ANTHRAX guitarist Scott Ian and SATYRICON frontman Sigurd “Satyr” Wongraven are among the musicians who have wished METALLICA‘s Lars Ulrich a happy 58th birthday.
Born in Gentofte, Denmark, on December 26, 1963, Lars is the son of the Danish musician, filmmaker and former tennis pro Torben Ulrich, who turned 93 in October.
Ulrich played tennis professionally as a teenager and could have gone on to a career as a tennis star, but chose music instead.
Ian shared an Instagram photo of him with Ulrich taken nearly 38 years ago, and he included the following message: “Two 20-year-old kids on the Tennent’s and Special Brew probably talking about how much we loved VAN HALEN‘s 1984. This pic was taken in March of 1984 at a flat in London that METALLICA were staying in. They’d left the studio in Denmark (they were recording Ride The Lightning) to come to the UK for the Hell On Earth tour with THE RODS and EXCITER but the tour was canceled due to a lack of ticket sales! METALLICA couldn’t go right back to Denmark as the studio had been booked for the time they’d be in the UK. The label, Music For Nations got them a flat and set up some press as well as their first show in the UK at the Marquee. I was in London to do some promo for the just released Fistful Of Metal. I was only supposed to be in town a few days, but when my hospitable friends METALLICA got the flat they ‘twisted my arm’ to crash with them for a week or two – we got up to some awesome shit. And yes, it was during this shenanigan filled time that Cliff [Burton] and I got arrested, but I digress. The point of this post is to say HAPPY BIRTHDAY LARS!!! I hope you’re having a great holiday my friend and I also hope you still have that DIAMOND HEAD sweatshirt! Cheers! @larsulrich @metallica #tennentssuper #carlsbergspecialbrew”.
Wongraven shared what appears to be a relatively recent photo of him with Ulrich at an empty restaurant or a large dining room. He wrote in an accompanying message: “There’s always something to be said for the individual who is confident enough to be aware of his or her accomplishments while at the same time being down to earth. Gene Simmons once described Lemmy‘s greatness by saying he was an unassuming type of person. Throughout the twenty years I have known Lars as the pivotal figure he is in the world of heavy music, he has only proved his nay sayers wrong. Because he is one of those unassuming type of persons while being a lot of fun at the same time. He is genuinely interested in YOU, he is warm and generous and he’s got an immaculate taste when it comes to art and music. The pandemic has been rough on a lot of us, but my sms exchanges with this fella, has been very helpful in keeping my head up high. Thank you for being you, brother and HAPPY BIRTHDAY”.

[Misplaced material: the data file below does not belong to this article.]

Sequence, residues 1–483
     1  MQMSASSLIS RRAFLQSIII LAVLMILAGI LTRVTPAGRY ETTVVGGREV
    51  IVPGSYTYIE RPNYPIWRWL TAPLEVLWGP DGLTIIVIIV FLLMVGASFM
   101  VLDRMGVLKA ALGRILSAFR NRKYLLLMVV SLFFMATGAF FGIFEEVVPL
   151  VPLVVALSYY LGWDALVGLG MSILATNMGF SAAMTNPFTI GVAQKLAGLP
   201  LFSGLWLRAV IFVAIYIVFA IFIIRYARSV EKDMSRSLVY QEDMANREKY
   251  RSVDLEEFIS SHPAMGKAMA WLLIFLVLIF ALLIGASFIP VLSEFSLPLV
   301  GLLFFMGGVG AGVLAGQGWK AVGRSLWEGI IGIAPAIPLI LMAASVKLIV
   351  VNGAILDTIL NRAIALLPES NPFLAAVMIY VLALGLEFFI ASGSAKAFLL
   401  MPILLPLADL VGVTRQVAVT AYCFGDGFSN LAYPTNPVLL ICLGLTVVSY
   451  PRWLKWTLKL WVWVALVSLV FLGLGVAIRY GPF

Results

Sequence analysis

METALLICA was formed when Ulrich, who had moved to Los Angeles, placed an ad in a local paper called the Recycler looking for other musicians to play with. The ad was answered by guitarists James Hetfield and Hugh Tanner of the band LEATHER CHARM.
METALLICA officially formed in October 1981 and the band’s first recording was “Hit The Lights” for the compilation “Metal Massacre”.
Bay Area DJ Ron Quintana came up with the group’s name: he was debating between using “Metallica” and “Metal Mania” for the name of his radio show and Ulrich encouraged him to use “Metal Mania” so that he could use “Metallica” for his new band.
METALLICA‘s first full lineup — featuring Hetfield, Ulrich, guitarist Dave Mustaine and bassist Ron McGovney — played its first gig on March 14, 1982 at Radio City in Anaheim, California.
“I went to see YESTERDAY AND TODAY [later known simply as Y&T], playing a show on, like, a Wednesday evening, at the Starwood in L.A. in December 1980,” Lars told Kerrang! magazine a few years ago. “I remember the band were having a great time. There was this vibe and energy thing between them and the audience. It was pretty chill, and I remember thinking, ‘This looks like so much fun.’ At the same time, I was starting to realize that if I wanted to really get anywhere playing tennis, I would have to spend eight hours a day on the court and there was this grind in front of me that didn’t have quite the same allure anymore. It wasn’t like the next morning the roof opened and a lightning bolt came down, but over the next couple of months, the tennis thing fizzled out and music started taking over.”